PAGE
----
Budget Breakdown
Part 1 – Businesses and Agriculture

7 October 2020

  1. Temporary full expensing of asset purchases

From 7:30pm (AEDT) on 6 October 2020 until 30 June 2022, businesses with turnover up to $5 billion will be able to deduct the full cost of eligible depreciable assets of any value in the year they are installed. The cost of improvements to existing eligible depreciable assets made during this period can also be fully deducted.

  • This replaces the ‘Instant Asset Write-off’ that was limited to purchases of up to $150,000 and was due to finish 31 December 2020
  • Includes improvements to existing eligible depreciable assets
  • Includes the purchase of second-hand assets for businesses with turnover less than $50 million
  • Larger businesses [turnover greater than $50 million] get an extension of the existing $150,000 write-off from 31 December 2020 to 30 June 2021
  1. Temporary loss carry-back provisions

For companies with turnover up to $5 billion, losses incurred up to 2021‑22 can be carried back against profits made in or after 2018‑19. Eligible companies may elect to receive a tax refund when they lodge their 2020‑21 and 2021‑22 tax returns. This must not generate a franking account deficit.

An Example:

Budget example, IA write off and loss carry-back

ABC Pty Ltd has aggregated annual turnover of $50 million for the 2021-22 income year. On 1 July 2021, ABC purchases a Header for $1 million, exclusive of GST.

ABC’s taxable income for 2021-22 was $500,000 before the purchase. Without temporary full expensing, ABC would claim a tax deduction of around $300,000, resulting in a taxable profit of $200,000, and a tax bill of $60,000.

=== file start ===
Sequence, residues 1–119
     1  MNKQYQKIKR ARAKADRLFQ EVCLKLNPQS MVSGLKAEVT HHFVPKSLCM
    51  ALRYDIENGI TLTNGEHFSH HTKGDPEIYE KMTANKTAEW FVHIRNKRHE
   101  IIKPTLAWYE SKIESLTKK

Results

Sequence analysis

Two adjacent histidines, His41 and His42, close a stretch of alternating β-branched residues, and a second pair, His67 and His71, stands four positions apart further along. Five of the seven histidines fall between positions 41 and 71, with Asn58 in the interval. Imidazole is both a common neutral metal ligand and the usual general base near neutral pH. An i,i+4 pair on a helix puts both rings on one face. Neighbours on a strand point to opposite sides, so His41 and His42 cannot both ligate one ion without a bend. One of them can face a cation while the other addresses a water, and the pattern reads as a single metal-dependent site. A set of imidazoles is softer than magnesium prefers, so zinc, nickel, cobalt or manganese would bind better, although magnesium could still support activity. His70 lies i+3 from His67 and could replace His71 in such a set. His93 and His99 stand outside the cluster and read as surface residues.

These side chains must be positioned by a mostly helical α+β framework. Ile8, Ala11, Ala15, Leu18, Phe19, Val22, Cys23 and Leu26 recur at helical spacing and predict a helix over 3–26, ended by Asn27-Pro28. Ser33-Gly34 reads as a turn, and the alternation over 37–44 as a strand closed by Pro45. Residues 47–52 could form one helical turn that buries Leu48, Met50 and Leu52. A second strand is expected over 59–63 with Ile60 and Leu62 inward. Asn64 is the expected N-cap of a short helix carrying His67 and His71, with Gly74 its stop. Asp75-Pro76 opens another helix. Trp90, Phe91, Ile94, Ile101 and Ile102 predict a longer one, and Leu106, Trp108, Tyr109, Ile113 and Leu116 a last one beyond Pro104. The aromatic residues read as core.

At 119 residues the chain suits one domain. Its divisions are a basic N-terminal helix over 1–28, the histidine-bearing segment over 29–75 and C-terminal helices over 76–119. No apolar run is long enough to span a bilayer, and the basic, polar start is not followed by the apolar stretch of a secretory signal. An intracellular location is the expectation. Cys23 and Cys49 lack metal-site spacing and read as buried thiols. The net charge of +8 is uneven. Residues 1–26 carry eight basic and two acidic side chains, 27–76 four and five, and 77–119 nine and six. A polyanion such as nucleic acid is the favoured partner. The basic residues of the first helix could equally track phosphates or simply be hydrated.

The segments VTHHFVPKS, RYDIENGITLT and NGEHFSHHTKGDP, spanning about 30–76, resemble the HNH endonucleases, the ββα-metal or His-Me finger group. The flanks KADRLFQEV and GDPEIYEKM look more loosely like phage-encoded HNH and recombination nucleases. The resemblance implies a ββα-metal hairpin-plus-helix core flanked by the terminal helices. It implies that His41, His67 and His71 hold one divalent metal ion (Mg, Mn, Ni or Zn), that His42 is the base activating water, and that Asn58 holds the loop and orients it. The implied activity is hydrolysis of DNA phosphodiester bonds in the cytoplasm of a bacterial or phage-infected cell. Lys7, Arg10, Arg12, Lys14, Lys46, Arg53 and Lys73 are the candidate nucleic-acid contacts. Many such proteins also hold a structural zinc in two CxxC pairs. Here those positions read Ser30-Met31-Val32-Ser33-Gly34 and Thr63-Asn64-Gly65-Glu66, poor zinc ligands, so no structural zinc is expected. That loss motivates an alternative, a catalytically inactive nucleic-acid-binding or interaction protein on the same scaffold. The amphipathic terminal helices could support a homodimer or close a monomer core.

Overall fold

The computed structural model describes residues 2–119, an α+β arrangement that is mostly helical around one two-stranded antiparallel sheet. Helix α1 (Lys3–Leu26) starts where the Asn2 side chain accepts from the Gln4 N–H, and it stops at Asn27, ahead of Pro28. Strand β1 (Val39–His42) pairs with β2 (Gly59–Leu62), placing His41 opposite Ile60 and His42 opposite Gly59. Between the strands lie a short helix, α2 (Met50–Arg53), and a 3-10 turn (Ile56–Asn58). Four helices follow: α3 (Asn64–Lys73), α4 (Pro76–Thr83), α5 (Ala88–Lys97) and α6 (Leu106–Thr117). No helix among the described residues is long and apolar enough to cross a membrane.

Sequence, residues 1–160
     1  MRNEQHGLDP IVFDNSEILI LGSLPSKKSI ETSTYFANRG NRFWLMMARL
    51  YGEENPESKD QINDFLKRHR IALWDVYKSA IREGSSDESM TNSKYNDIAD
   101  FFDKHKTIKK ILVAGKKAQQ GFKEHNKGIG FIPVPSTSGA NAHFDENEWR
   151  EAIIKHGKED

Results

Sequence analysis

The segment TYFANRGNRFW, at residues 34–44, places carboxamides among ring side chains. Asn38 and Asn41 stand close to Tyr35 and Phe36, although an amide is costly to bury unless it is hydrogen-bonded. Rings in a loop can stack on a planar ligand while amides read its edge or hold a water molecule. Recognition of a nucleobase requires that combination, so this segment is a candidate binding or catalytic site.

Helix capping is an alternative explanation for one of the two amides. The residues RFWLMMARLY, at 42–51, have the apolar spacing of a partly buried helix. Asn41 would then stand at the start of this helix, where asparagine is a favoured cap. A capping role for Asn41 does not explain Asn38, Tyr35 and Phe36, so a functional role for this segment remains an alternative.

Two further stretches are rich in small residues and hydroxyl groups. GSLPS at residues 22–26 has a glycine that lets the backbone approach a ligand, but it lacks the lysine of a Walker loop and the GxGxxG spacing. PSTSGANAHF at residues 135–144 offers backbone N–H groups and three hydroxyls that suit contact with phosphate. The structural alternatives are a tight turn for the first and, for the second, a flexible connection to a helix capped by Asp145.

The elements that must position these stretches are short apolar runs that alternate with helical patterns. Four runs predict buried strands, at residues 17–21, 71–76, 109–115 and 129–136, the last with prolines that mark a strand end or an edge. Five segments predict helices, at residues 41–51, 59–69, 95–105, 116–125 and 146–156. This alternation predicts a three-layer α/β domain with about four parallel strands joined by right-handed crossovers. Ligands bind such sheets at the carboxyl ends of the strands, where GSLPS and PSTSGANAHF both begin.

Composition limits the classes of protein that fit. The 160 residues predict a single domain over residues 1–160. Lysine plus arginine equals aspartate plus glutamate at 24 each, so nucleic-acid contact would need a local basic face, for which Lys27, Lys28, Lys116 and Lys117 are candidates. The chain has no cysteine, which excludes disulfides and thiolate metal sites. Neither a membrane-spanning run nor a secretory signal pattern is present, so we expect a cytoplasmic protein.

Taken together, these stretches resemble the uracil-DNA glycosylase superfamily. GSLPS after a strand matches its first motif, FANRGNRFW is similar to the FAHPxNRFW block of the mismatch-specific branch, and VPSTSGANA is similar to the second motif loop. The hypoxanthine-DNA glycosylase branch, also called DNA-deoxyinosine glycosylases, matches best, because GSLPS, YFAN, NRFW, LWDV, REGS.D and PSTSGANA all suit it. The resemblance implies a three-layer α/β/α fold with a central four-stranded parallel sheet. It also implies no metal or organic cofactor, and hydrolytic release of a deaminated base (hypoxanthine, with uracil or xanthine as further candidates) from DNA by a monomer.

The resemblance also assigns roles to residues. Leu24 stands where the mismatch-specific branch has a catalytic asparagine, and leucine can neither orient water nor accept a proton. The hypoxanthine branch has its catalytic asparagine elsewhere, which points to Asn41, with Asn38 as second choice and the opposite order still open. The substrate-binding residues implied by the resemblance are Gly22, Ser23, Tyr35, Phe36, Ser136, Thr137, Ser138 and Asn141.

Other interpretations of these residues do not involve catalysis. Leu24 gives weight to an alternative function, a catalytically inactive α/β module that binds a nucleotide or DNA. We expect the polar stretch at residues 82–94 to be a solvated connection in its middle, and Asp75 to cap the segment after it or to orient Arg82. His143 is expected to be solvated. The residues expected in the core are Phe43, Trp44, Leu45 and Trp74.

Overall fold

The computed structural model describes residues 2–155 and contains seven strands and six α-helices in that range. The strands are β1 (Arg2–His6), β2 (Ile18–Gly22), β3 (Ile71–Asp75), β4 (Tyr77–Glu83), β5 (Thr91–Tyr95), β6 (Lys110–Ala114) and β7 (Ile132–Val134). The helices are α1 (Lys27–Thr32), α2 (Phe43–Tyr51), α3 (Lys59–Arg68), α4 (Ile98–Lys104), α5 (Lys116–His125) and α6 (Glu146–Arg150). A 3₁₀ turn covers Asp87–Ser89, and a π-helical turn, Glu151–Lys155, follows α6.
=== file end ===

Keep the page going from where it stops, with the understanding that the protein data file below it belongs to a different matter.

Under temporary full expensing, ABC will instead deduct the full cost of the asset of $1 million, resulting in a tax loss of $500,000.

Under temporary loss carry-back, ABC offsets this tax loss against profits in 2018-19, resulting in a tax refund of $150,000. Without the refund, the company may have had to defer the investment until their cash flow position recovered, or may not have purchased the new header at all.

  1. JobMaker hiring credit

Available from 7 October 2020 to 6 October 2021, Employers can claim an amount per week for new younger employees hired as follows:

16-29 years of age = $200 per week

30-35 years of age = $100 per week

  • The employee must have previously been on JobSeeker, Youth Allowance or the Parenting Payment for at least one of the previous 3 months at the time of hiring
  • Employers must also use this to increase the overall headcount of employees e.g. cannot terminate older employees and replace with younger employees to attract the credit.
  • New employees must work at least 20 hours per week
  • Employers must be reporting payroll through Single Touch Payroll [STP]


  1. Drought support

The budget sets out $155.6m for drought support, including:

  • $50m in 2020-21 for the On-farm Emergency Water Infrastructure Rebate Scheme;
  • $19.6m in 2021-22 to extend the drought function of the National Drought and North Queensland Flood Response and Recovery Agency for a further year; and
  • $86m over four years to establish eight Drought Resilience and Adoption Hubs.
  1. Regional Australia
  • The budget includes $A2 billion in concessional loans for farmers, and $A2 billion for water infrastructure projects across the country to expand the national water grid.
  • $A350 million has been allocated to support regional tourism, while $A317 million is earmarked for exporters to continue to access global supply chains.

Samantha Brimblecombe

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